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Frontier Gandhi’s granddaughter urges Centre to grant citizenship to Pathans

The Pathans in India at present do no have citizenship but only have a government-approved card. They mostly work as traders and money lenders.

Written by Ravik Bhattacharya | Kolkata | Published: February 15, 2018 12:48 am
Yasmin Negar Khan Yasmin Negar Khan in Kolkata on Wednesday. (Express Photo by Partha Paul) 

The granddaughter of Khan Abdul Gaffar Khan, also known as Frontier Gandhi and the first foreigner to receive the Bharat Ratna, appealed to the Indian government to grant citizenship to Pathans, and unveiled plans for a university in her grandfather’s name in West Bengal. “There are around 32 lakh Pashtuns (Pathans) in India, who have lived and worked here for generations. Yet, they are still to get citizenship. Pandit Nehru had told my grandfather that those who wanted to stay here after North West Frontier Province went to Pakistan will be Indian citizens. I urge the Indian government to help the Pashtuns here,” said Yasmin Negar Khan, 47, speaking to the media here.

Yasmin is the president of All India Pakhtoon Jirga-e-Hind (established in 1949). “We will shortly meet Chief Minister Mamata Banerjee and appeal to set up a university in the name of my grandfather in Bengal. Pakhtuns or Pathans are in a bad condition in Pakistan also. There are atrocities committed against them. In Afganistan they are brainwashed by Taliban. We want the children and youths to come here and study in the university, where they should have a quota for admission,” she said. “India should raise the issue in the world forum about Pakistan committing atrocities. Pashtuns want their independence too. We are all for secession of Pakhtunwa in Pakistan. Then they can decide to join Afganistan.”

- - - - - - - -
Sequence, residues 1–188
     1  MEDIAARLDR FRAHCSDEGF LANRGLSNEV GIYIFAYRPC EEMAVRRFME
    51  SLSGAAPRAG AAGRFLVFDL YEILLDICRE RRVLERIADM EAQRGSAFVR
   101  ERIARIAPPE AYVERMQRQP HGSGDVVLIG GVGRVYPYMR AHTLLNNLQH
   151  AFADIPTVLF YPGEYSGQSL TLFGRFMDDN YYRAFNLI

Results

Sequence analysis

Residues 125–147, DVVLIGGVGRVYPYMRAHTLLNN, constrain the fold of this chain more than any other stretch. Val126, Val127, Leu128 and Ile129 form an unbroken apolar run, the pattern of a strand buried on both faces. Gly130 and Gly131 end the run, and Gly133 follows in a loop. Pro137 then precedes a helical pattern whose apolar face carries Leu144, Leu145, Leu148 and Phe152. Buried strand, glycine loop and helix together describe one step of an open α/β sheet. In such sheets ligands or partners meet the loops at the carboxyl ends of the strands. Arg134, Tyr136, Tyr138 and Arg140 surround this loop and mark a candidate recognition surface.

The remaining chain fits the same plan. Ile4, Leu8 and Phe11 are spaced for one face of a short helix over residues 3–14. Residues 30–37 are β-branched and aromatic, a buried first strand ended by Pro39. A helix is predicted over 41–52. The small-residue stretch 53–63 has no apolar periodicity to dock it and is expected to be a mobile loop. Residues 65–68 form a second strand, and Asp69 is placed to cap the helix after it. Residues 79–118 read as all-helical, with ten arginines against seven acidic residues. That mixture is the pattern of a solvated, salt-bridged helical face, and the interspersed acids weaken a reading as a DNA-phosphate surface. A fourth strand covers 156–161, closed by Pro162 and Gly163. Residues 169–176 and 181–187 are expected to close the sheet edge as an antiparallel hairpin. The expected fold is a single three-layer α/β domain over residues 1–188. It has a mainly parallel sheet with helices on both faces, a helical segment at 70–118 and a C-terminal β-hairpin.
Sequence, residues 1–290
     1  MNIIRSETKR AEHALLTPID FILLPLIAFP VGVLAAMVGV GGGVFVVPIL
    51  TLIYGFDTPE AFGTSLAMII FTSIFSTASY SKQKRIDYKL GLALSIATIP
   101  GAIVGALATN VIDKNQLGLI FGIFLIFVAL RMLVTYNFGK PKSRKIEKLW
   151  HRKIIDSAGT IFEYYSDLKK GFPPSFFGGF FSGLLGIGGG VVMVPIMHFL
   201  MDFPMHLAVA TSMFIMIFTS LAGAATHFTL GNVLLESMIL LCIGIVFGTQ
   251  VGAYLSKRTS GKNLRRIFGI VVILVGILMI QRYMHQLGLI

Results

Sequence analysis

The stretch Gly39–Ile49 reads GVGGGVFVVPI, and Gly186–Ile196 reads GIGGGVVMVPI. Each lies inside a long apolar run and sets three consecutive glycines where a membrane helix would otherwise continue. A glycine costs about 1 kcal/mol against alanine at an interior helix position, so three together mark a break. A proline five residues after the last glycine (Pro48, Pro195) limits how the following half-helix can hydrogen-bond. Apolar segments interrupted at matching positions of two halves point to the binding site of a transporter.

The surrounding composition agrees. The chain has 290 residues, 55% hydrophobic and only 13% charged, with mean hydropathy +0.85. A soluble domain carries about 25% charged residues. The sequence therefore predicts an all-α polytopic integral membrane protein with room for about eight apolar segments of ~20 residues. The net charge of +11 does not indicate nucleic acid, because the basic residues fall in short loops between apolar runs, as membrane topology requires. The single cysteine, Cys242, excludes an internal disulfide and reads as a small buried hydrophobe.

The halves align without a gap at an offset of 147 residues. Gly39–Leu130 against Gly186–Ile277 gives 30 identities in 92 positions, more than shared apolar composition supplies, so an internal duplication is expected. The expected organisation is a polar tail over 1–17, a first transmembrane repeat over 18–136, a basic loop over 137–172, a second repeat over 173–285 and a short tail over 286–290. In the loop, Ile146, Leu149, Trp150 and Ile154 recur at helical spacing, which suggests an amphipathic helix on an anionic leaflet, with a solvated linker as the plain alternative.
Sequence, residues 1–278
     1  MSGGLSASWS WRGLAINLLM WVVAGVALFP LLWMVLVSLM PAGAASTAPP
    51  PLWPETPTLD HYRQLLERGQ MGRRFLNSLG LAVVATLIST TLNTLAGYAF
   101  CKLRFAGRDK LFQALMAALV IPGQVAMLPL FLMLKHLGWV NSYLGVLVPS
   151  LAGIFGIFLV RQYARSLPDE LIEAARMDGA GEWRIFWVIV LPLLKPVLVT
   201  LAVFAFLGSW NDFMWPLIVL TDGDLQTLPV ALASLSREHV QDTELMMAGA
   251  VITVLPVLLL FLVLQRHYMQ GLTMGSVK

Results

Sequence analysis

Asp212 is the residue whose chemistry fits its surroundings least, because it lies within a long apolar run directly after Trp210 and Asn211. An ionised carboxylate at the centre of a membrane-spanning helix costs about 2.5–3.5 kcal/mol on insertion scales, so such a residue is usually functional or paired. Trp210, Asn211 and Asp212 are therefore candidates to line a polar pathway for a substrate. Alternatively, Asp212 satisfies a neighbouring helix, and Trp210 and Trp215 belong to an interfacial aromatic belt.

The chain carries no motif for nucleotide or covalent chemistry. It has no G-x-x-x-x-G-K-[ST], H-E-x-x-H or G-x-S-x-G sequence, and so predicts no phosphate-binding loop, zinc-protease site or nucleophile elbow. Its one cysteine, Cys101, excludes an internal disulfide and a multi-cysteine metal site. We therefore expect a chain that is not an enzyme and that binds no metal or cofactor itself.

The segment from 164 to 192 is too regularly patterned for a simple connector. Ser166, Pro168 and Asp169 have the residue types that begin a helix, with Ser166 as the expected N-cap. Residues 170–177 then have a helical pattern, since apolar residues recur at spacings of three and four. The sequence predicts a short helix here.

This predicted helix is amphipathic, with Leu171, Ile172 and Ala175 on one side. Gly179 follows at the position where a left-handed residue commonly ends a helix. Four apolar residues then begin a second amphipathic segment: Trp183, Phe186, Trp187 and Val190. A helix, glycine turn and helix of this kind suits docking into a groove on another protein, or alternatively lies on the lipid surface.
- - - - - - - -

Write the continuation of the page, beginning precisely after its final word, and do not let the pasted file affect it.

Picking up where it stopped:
The Pathans in India at present do no have citizenship but only have a government-approved card. They mostly work as traders and money lenders. “Like Balochistan, Pakhtunistan (comprising of areas in both Afganistan and Pakistan) too is deliberately neglected. The Pakistan government is keeping the masses uneducated. We will soon hit the streets in protest,” she said.

In 1996 after the death of her father, Yasmin took over the mantle of the organisation that looks after the interests of Pathans. “We have family and friends in Pakistan. But we don’t get an Indian passport and therefore we cannot travel there. Something should be done for us. We also fought for independence,” said Abdullah Khan, a Pashtun living in Kolkata.

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